In their quest to ensure that all transactions conducted by the company are recorded and accounted for accordingly, auditors also examine a few transactions by verifying the documents presented such as invoices and receipts against what is recorded in the system. They also go to the extent of counting the products that are present to verify the validity of the inventory system. Auditors also conduct confirmations by way of contacting the alleged parties to a transaction. Before writing the report, the auditors conduct the final task which involves analytical procedures that guide them on areas that require further investigations.
There are a number of people who rely on the auditor’s report. Such individuals include the company’s board of directors, the shareholders, and the taxing authorities. Company partners and associates also bank on the auditor’s report in order to assess the credibility and conduct of the company. Other groups such as the stock exchange markets representatives and banks who act as a guarantee to the company also rely on the auditor’s report. Therefore, tampering with such a report is subject to compromising the integrity of a company and thus the faith of all the parties that have any vested interest with the company (Albrecht, Stice, E and Stice, G 2008).
Between 1997 and 1999 Candie’s Inc management was involved in a fraudulent case that involved misrepresenting the actual financial status of the company by recording premature revenue in anticipation of delivering the goods to their clients. In this case, Ernst and Young played the role of ignoring such fraudulent practices that were under their auditing watch. The conflict, in this case, revolves around the fact that Candie’s Inc’s management team claims that Ernst and Young’s auditors mislead them for failing to highlight the faults in their system. Further, Ernst and Young claim that the company transacted all their fraudulent deals behind their back and as such, they were not aware of such dealings.
In this case, both parties have to blame because neither of the two played their roles according to the shareholder’s expectations. Candie’s Inc went to the extent of falsifying documents in their quest to conceal their fraudulent deals while Ernst and Young did nothing to the effect of reporting such inappropriate conduct. Further, they did their reports without investigating neither the validity of the documents or confirming the financial reports.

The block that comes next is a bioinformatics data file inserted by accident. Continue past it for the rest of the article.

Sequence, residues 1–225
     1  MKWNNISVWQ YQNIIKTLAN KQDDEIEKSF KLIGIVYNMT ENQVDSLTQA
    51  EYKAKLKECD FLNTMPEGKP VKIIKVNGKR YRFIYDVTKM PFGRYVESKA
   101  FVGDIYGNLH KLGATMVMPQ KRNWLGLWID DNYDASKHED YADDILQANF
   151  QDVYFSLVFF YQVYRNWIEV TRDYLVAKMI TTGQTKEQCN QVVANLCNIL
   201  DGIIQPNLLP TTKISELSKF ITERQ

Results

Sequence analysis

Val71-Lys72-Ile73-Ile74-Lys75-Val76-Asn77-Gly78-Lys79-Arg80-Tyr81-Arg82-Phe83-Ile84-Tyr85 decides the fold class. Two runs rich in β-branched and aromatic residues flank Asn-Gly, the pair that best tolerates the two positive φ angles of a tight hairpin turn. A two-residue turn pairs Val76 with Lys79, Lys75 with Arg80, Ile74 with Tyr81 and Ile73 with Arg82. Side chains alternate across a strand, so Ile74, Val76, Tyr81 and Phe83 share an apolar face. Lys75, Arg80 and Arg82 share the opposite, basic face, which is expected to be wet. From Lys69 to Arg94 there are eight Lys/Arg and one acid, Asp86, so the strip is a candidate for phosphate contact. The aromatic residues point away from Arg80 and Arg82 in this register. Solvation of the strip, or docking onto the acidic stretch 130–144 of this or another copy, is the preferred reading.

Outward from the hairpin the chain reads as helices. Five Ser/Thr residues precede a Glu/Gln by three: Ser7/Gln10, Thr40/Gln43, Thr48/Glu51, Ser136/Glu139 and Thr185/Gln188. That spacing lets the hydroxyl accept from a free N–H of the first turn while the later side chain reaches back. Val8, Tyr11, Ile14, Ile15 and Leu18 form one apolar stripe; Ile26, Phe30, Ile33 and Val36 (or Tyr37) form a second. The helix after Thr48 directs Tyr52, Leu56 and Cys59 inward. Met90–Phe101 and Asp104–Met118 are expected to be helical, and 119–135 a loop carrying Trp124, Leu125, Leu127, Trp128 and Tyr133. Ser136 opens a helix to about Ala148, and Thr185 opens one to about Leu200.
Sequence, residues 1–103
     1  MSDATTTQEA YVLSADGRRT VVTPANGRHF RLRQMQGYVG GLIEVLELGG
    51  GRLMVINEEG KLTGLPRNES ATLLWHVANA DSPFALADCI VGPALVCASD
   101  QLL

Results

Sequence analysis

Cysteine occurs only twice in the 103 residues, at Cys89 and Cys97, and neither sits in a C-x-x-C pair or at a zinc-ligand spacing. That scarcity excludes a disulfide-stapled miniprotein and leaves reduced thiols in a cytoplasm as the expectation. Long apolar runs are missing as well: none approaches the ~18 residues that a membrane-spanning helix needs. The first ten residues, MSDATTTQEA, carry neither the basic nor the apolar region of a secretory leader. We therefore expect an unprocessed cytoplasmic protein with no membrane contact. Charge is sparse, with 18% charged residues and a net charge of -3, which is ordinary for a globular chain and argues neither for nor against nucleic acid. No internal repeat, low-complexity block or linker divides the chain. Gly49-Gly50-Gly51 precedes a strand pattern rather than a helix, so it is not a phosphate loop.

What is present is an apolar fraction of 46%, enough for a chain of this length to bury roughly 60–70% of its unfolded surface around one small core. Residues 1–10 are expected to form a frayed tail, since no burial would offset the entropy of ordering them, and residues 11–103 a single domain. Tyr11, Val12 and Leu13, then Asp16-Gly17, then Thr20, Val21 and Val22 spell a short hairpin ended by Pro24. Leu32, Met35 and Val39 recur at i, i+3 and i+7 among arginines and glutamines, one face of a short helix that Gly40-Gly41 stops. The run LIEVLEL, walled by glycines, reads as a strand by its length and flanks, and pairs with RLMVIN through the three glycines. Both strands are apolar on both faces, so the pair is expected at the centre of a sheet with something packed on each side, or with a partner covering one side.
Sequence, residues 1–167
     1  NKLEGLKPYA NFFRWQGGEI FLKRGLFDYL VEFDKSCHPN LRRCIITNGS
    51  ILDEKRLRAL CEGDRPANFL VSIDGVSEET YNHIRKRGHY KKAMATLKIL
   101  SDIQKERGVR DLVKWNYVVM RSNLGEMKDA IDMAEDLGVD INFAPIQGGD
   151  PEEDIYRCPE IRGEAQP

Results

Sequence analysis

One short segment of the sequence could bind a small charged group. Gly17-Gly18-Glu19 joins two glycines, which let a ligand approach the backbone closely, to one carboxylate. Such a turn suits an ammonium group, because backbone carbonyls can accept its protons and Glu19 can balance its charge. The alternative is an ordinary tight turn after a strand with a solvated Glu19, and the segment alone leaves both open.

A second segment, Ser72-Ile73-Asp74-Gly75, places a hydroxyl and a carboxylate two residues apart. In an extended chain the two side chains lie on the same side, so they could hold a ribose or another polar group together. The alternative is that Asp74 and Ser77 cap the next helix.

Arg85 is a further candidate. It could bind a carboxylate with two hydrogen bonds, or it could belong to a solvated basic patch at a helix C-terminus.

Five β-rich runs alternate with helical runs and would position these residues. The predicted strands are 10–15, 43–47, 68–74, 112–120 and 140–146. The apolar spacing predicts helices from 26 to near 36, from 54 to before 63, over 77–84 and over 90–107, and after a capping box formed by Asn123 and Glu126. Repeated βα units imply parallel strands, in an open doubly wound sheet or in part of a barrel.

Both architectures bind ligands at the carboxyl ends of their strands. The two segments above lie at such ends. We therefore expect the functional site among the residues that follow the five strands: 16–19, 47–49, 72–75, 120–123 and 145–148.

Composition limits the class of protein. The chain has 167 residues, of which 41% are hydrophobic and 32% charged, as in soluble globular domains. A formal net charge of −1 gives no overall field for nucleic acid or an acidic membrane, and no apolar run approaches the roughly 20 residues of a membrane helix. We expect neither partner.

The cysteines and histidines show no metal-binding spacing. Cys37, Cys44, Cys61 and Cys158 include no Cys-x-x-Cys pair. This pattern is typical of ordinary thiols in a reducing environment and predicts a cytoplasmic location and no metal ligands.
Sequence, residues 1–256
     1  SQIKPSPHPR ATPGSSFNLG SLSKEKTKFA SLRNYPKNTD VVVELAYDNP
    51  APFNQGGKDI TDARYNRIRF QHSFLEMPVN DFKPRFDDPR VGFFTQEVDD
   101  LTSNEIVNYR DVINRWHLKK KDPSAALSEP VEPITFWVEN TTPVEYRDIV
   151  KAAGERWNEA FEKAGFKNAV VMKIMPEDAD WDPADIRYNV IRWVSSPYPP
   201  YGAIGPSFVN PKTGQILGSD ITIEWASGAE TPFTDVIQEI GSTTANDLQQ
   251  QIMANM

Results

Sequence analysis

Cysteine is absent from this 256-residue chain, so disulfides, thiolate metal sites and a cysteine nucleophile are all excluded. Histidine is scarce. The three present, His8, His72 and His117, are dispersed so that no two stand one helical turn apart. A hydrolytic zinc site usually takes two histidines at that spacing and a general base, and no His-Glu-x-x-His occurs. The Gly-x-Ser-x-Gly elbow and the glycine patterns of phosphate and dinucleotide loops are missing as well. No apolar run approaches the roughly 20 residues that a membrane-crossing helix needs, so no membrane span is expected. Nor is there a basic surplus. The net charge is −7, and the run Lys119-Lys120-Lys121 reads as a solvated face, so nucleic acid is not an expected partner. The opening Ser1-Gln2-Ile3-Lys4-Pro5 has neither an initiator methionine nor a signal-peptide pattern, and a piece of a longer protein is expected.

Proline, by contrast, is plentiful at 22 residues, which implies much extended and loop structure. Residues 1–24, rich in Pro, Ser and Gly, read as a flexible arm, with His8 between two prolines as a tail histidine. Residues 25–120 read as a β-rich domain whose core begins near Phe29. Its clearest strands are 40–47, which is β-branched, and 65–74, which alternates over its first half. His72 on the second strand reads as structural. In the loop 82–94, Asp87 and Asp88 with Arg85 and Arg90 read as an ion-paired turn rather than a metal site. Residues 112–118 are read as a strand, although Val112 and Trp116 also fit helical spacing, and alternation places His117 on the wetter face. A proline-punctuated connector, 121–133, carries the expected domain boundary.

Concerns raised by the conflict
Suppose I own stocks with Candie’s the conflict between them and Ernst Young would raise a number of questions with regards to their conduct. Firstly I will be concerned about the validity of their annual financial reports and their implications to my shares with the company. This is attributed to the fact that due to the fraudulent case involved in this conflict I will not be in a position to ascertain if the value of my stock is valid. Further, the fact that I have invested my money with them means that I may also have succumbed to some of their frauds through reduced returns on my stock shares.
Secondly, this case would also make me question the integrity of the management team and the financial supervisors. This is attributed to the fact that the former and the latter are the main pillars of any given institution or organization. If such individuals are part of a mischievous activity in an organization, the chances that such an organization can defraud their clients and their shareholders are high. This in return affects the integrity of the company which consequently affects the value of its shares in the stock exchange market. As a result, this will affect the value of my stock with the company.
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Another major concern that this conflict trigger is the reliability of the internal and external auditors. This also questions the efficacy of the accounting systems and the control measures put in place. With such questions lingering behind my head, I would foresee a collapse of the company and thus the loss of my investment. Such a concern might influence me to rethink my perception of the company and my contribution to the same. I would be more concerned about safe guiding my stock by either disposing it completely or offloading a few for the sake of ensuring that I don’t make major losses.
In conclusion, this case provided a perfect scenario of some of the relations that exist between companies and their internal and external auditors. The case also enlightens the reader on the role and the importance of auditors and to whom they are accountable. It also highlights the fact that auditing bodies may not be accurate thus the need for confirmation by the bodies dependent on their reports. It is also important to note that, such cases expose corrupt deals that help the public to judge the validity of companies that they were anticipating to invest in or individuals who already have shared with such companies. Therefore, I recommend that any individual or a group of people or a company that is interested in investing in a certain company should ensure that the financial transactions and records of the company that they want to invest in are not questionable.
Albrecht, W, Stice, E Stice, G 2008, Financial Accounting, Cengage Leaning, Ohio.
Albrecht, W, Stice, E Stice, G, Swain, M 2008, Accounting: Concepts and Applications, Cengage Leaning, Ohio.
Ernst and Young 2011, Two people one vision, Web.
Funding Universe 2011, Candie’s, Inc., Web.